Monday, July 26, 2010

Krugman on "Greed and Cowardice" in the climate debate

Was Paul Krugman famous for his work in economics, or was it environmental studies? Right now, I'm not sure. From an op-ed article yesterday:
It has always been funny, in a gallows humor sort of way, to watch conservatives who laud the limitless power and flexibility of markets turn around and insist that the economy would collapse if we were to put a price on carbon.
Source. An intelligent person like Mr. Krugman can spot a bad argument, especially when it applies to his home discipline of economics. The passage above contains logical flaws which should have stood out to a Nobel Laureate.

- "Putting a price on carbon" is a bit more complicated than grabbing the sticker gun and tagging away like a manic grocery store employee.
There's carbon in pretty much everything (including humans). While the idea of "internalizing the externality" by taxing for the social cost of carbon is all very good in theory, the devil's in the details. How much should emitting a pound of carbon cost? Who would pay the tax and how would it be collected? What stops people from cheating? It's the tinkering with all of these complicated, yet extremely important factors which will really crush the economy. Just look at the government's performance in fighting drugs, poverty, crime, and war, then ask yourself whether they can handle the complexity of a global climate system.

 - The only reason that markets still have any power and flexibility is because of those "conservatives" who don't give in to the alarmist environmental message of the year. Examples are numerous, so I'll just pick an amusing one: Back in 1971, President Obama's science adviser predicted a coming ice age which would wreck agricultural productivity and usher in mass famine. Had we listened to the doomsayers back then, right now I'd be standing in a mile-long line to get my daily food ration instead of writing this blog. There's nothing so permanent as a government solution, so before we "fix" something it's good to be extra sure first.

In general, Krugman's argument is that "greed and cowardice" has prevented passage of the climate bill. By "greed" he means the efforts of climate change skeptics (last I checked, the other side of the debate gets a paycheck too) and by "cowardice" he means unwillingness to take drastic action based on environmentalists crying wolf yet again. It's funny, because the people demanding action against global warming could just as easily be called cowards, for doubting humanity's ability to change and adapt without some central authority telling us what to do. We survived multiple ice ages, two world wars and the Bush presidency. Have a little faith, eh?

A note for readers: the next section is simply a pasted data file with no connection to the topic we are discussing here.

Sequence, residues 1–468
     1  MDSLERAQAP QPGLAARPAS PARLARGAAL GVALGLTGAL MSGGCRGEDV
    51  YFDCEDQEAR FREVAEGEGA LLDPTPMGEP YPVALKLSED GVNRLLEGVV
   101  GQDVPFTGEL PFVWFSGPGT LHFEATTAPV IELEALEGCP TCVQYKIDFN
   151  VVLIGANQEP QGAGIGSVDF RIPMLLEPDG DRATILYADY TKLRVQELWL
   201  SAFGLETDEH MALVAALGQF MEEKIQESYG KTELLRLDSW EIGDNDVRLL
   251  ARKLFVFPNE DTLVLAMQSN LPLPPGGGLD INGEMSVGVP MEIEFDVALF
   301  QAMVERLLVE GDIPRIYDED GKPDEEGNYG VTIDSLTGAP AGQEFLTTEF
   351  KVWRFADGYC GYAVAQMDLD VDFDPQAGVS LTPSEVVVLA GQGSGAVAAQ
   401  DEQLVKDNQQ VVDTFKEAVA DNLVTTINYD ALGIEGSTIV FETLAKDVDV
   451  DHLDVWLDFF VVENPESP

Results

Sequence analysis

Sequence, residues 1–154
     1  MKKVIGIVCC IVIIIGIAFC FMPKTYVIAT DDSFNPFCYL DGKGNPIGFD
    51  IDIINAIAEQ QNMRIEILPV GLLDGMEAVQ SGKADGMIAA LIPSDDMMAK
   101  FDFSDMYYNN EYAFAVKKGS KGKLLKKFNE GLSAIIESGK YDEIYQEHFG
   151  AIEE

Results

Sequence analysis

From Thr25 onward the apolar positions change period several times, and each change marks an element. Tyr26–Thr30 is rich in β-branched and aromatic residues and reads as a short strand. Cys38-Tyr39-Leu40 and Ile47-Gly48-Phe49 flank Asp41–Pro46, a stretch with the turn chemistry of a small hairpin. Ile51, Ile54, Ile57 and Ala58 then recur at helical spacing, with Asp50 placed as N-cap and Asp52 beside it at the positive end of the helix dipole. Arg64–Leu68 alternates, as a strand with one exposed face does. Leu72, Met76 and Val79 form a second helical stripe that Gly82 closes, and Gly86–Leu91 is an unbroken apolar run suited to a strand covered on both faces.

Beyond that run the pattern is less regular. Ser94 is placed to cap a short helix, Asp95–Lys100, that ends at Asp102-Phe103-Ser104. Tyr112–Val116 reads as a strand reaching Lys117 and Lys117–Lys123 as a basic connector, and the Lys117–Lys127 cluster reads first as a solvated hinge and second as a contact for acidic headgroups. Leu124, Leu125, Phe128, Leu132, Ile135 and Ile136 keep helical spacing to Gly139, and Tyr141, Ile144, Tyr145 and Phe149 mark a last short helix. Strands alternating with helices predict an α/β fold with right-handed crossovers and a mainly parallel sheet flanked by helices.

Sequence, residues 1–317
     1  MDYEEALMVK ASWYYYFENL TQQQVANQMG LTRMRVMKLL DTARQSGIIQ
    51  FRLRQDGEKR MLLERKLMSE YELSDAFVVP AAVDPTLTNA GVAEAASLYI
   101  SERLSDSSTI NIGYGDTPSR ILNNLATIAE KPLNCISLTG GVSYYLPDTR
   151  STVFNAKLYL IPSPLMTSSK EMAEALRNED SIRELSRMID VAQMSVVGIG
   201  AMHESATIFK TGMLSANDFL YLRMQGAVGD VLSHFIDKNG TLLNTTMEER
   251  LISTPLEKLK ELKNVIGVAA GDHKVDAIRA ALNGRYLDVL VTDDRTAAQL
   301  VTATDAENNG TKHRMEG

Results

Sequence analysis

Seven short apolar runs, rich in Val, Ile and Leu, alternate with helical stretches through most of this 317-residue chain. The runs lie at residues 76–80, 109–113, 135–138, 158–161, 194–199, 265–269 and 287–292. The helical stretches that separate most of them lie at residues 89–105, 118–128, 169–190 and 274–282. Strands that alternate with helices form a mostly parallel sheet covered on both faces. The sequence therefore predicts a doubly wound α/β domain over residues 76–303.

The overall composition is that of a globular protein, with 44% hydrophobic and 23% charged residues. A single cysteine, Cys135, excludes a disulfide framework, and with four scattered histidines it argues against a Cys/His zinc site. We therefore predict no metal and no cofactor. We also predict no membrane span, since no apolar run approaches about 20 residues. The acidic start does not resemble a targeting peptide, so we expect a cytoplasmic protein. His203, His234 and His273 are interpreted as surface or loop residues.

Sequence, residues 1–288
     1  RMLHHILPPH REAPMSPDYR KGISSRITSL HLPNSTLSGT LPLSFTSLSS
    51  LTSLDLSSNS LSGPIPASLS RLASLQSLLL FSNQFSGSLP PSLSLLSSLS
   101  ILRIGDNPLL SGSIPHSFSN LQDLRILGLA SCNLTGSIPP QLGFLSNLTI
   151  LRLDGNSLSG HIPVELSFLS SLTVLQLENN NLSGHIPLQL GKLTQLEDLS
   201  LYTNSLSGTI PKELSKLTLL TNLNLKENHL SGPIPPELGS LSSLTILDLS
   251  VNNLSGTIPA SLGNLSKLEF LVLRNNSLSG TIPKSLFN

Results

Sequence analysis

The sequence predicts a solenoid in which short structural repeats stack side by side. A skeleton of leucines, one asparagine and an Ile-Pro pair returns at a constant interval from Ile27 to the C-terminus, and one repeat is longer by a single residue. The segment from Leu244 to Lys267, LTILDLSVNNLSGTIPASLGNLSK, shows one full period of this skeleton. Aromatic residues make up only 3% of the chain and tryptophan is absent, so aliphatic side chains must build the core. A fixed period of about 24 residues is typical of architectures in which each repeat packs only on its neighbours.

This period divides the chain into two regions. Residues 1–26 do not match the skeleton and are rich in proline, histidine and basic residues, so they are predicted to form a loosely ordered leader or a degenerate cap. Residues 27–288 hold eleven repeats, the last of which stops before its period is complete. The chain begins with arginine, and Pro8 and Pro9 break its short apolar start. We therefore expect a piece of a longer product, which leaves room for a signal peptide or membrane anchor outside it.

I don't claim to be an expert on climate change science, but anyone who looks at the numbers can tell the proposed fix is not of the required scale to stop or even slow global warming. Even the EPA agrees that U.S. action would be ineffective. Two new coal plants are built in China each week; between them and India, the U.S. emissions total will be small potatoes pretty soon. If you think those countries will put climate paranoia in the U.S. and Europe ahead of development for their own people, you'll be sadly mistaken.

The bottom line is that in our current economic position, a cap and trade bill would impose immediate and serious costs in exchange for a small chance of preventing far-away catastrophe. We will all be impacted, one way or another, by the actions taken. Commentators like Mr. Krugman do a real disservice to the intellectual climate by presenting the issue as "good regulators vs. evil industry" because the reality is a lot more complicated. If Americans think it's worth prolonging the hard economic times to do something about carbon, that's the democratic process at work. However, Mr. Krugman shouldn't blindside the public by claiming that sweeping regulations can be passed without any cost to the economy, because it just isn't true.

Unfashionably Economic

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